According to Buffer, more than half of businesses don’t have a documented social media strategy.
And according to Benjamin Franklin, by failing to prepare, you are preparing to fail.
If there’s anything that deserves some careful strategic preparation, it’s your social media marketing plan.
It’s simple ‒ social media is a gold mine of a marketing opportunity, especially if you’re a local business. Here’s why:
If you’re a local business who wants more clients or sales, social media is something you should be targeting. And if you want to succeed on social media, you need a solid social media marketing strategy example to follow.
To help you with this, I’ve devised a step-by-step strategy for creating a social media marketing strategy that works. If you’d like to start using social media to boost sales in your business, read on.
Creating a social media marketing strategy without knowing what your goals are is like starting a business without a business plan.
Sure, you might get lucky and find some kind of success. But you’ll probably make a lot of costly mistakes along the way ‒ and you almost certainly won’t reach the level of success you would have if you had used a plan in the first place.
So, before you dive into the nitty-gritty of social media marketing, you need to figure out what you want your marketing efforts to achieve.
What’s your goal? What do you want social media to do for your business?
If you don’t know, that’s fine.
According to Buffer, the main reasons that businesses use social media are as follows:
If you’re not completely sure about what your goal is, it probably fits into one of the categories above.
If you’ve ever researched how to set effective goals, you’ve probably come across the SMART goal framework:
If you want your marketing goals to stick, they need to adhere to all five of the previous characteristics.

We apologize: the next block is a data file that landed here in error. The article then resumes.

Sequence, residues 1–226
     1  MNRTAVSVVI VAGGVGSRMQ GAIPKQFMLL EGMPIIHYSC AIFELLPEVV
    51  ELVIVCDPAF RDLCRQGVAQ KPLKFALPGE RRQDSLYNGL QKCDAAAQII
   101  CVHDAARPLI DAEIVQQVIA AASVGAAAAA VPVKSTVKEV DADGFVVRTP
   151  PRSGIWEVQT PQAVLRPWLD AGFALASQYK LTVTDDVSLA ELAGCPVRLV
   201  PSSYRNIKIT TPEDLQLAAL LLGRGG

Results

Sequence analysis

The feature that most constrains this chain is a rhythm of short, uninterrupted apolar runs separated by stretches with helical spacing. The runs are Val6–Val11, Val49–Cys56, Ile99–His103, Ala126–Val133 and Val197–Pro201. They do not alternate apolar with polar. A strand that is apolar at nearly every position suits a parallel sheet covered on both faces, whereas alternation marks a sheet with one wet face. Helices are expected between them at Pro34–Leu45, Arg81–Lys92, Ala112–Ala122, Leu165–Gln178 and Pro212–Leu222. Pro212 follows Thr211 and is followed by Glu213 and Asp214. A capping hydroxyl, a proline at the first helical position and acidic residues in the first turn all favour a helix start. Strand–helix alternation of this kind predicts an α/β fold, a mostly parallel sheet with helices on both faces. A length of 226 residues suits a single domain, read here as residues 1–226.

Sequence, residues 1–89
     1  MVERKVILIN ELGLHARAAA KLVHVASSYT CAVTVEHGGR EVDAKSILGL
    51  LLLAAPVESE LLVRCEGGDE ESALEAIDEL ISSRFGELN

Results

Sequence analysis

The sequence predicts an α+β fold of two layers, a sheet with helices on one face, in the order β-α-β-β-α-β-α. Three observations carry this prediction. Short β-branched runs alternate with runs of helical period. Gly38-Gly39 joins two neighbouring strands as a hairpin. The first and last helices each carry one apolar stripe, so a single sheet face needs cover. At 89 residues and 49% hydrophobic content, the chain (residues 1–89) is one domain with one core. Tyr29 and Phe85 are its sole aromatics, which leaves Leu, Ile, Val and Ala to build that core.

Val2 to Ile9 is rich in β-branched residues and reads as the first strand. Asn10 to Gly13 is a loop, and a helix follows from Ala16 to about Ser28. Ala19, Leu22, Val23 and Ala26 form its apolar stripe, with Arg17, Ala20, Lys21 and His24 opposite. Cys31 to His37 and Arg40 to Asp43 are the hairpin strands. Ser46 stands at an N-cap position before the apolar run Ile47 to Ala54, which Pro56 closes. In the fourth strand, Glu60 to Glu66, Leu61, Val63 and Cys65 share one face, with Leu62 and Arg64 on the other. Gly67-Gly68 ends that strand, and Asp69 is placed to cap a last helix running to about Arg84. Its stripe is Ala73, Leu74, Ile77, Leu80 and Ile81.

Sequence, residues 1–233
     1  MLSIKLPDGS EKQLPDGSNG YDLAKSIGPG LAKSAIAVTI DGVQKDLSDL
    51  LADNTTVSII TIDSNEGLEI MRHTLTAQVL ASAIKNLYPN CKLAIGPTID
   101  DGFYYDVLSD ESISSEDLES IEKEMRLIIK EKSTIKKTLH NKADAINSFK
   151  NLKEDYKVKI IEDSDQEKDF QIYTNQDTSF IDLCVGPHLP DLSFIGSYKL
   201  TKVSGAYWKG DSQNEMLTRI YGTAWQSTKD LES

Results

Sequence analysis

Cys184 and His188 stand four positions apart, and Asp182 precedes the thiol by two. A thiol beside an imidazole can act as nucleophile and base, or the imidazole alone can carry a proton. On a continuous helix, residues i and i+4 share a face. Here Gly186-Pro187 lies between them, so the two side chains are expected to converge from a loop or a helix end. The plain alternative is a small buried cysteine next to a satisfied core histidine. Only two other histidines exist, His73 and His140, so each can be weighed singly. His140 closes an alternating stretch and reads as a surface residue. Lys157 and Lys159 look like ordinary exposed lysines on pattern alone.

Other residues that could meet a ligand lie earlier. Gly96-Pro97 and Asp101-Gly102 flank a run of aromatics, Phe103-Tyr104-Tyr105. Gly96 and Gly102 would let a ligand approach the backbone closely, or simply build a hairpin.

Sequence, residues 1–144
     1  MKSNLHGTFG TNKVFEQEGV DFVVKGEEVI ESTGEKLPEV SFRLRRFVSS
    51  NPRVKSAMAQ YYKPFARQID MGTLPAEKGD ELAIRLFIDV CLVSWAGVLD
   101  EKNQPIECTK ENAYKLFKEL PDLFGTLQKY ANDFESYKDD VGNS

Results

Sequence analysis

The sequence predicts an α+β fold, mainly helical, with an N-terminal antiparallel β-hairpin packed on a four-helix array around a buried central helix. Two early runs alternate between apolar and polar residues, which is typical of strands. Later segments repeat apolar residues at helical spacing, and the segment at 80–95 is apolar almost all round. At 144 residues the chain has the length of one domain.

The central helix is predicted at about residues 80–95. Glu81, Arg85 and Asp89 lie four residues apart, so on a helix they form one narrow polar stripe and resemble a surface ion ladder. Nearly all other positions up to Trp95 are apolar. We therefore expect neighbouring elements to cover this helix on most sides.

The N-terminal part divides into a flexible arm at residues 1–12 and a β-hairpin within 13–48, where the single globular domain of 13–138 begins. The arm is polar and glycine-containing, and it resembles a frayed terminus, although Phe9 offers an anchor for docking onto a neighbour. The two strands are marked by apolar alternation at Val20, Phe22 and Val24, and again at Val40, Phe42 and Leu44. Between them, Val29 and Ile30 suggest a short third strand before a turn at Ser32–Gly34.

A specific marketing goal is one that has a clear, well-defined objective. Here are a few good examples:
While using a specific number or percentage will help make your goal more specific, you don’t have to include one. A statement like “I will drive more traffic to my blog” is also specific ‒ it’s just less specific than saying “I will increase blog traffic by 25% in the next 6 months.”
If you’re starting out with your first social media marketing strategy, I suggest playing it safe and sticking to a number-based goal. It’ll give you a concrete figure to work toward, and you’ll know the exact moment you’ve succeeded.
A key aspect in proper goal setting is being able to measure how well you’re doing.
The measurability of your goal is dependent on how specific your goal is.
A goal of “I will get 10 new patients in the next 30 days” is easy ‒ you can measure how many new patients you’ve received so far, and you’ll know exactly how many you still need to reach your target.
On the flip side, a goal of “I will become the most successful chiropractor in my town” is much harder to measure. How do you define success? Is it revenue? Even if you use revenue as a metric, you’re not going to be able to measure how you’re doing in relation to your competitors ‒ good luck getting them to divulge their earnings to you.
While a goal like increasing your new patient count is great, that’s a bit too broad to be useful from a marketing standpoint. Those patients could be coming from anywhere ‒ to know whether your social media marketing is working, you need to hone in on some more specific metrics:
Anyone can set a specific, measurable goal. The hard part comes in figuring out whether that goal is actually attainable or not.
The best way to gauge the attainability of your goal is to compare it to previous performance. If you want a 50% increase in blog traffic in the next month ‒ but it’s only been increasing by 5% per month for over a year ‒ you’ve probably set the bar a bit too high.
If you don’t have past data to compare your goal with, try to find an industry benchmark for what you’re trying to achieve. To save you some time, here’s an article containing social media benchmarks for each major industry.
Temper your expectations with a dose of realism ‒ which brings us to the next part of the SMART framework.
While an attainable goal concerns itself with what’s technically possible, a realistic goal is a goal that fits in with your other priorities.
Time is our most precious resource, and we have to use it wisely.
Increasing blog traffic by 10% next month is certainly attainable ‒ but can you fit that goal in with the rest of your life? Can you balance the time and effort required to achieve that goal with other more important priorities?
If you can’t, then the goal is attainable ‒ but it isn’t realistic.
The last characteristic of a SMART goal is a timely goal. Setting a goal that will take 5 years to come to fruition is great ‒ but it’s hard to stay motivated and keep working toward a goal that won’t be achieved within a reasonable time frame.